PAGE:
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December 2021

Vol. 49, No. 6

Bird Sightings: July-August 2021

Neil Hayward and Robert H. Stymeist

A Note on Taxonomy

Bird Observer follows the taxonomy published by the American Ornithological Society (AOS). The AOS was previously known as the American Ornithologists’ Union (AOU) before its merger with the Cooper Ornithological Society in October 2016. Each summer the AOS’s Committee on Classification and Nomenclature of North and Middle American Birds (NACC) publishes an annual supplement to its bird checklist. This summer the AOS published their 62nd update (Chesser, R. T. et al.).

The biggest change for Massachusetts birders in the 62nd update is the addition of one species to the state list; Mew Gull was split into Common Gull and Short-billed Gull, both of which have been recorded in the state. The genus Phalacrocorax, which previously served as an umbrella genus for Old and New World cormorants, has been split. Phalacrocorax (sensu strictu) is now an Old World genus, although retains our Great Cormorant. Our Double-crested Cormorant is now Nannopterum auritum, sitting in the same genus as the extralimital Neotropic Cormorant. Within the kinglet family, Regulidae, Ruby-crowned Kinglet is now recognized as being sufficiently different from Golden-crowned as to warrant its own genus, Corthylio, and now appears before Golden-crowned Kinglet in the linear sequence order.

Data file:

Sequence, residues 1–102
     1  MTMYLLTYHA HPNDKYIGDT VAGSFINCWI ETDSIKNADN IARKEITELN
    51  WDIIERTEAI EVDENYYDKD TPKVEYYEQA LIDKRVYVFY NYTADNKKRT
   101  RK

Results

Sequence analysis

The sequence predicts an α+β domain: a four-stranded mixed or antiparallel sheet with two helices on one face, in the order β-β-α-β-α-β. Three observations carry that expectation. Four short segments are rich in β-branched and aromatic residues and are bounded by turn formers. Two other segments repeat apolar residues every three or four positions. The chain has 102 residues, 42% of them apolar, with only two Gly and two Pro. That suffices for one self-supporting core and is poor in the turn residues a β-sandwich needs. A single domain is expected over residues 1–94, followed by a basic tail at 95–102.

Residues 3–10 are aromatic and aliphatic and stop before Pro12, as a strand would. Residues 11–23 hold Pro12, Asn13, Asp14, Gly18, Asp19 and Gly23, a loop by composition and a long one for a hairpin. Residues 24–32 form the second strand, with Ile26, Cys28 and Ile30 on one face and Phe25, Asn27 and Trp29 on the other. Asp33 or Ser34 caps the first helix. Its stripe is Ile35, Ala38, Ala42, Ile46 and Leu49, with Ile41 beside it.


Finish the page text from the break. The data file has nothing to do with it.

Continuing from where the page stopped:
Weather

Statistically, July is one of the sunniest months of the year, but not this year. Boston, like many municipalities in New England, set a record for most July days with measurable rain. A total of 10.07 inches of precipitation fell over 19 days during the month, Boston’s second wettest July since 1872. July was also unusually cold; a high temperature of 60 degrees in Boston on July 3 set a new historical record for the coldest high temperature for the city for July. Worcester logged a high of only 57 degrees that day, setting its own record for lowest high temperature for the city on that date. For only the third time in Boston since 1872, July was colder than June. The month ended with no heat wave nor even a prolonged stretch of warm weather. Boston’s average temperature for the month was 1.7 degrees below normal. On July 9, Tropical Storm Elsa made landfall at Watch Hill, Rhode Island, the first tropical storm to hit New England directly since Tropical Storm Beryl in 2006. Elsa brought extensive flooding to most of eastern Massachusetts. Boston picked up 2.04 inches of rain from Elsa, while other towns to the west and south reported nearly four inches. Elsa, however, was a dud for bringing in any significant pelagic birds along the coast.


RED CROSSBILL BY SANDY SELESKY

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WHISTLING-DUCKS THROUGH SPOONBILLS


Fig. 1. July and August high counts of Red Knot in Massachusetts, 2000–2021. Data from eBird.org.


VULTURES THROUGH DICKCISSEL

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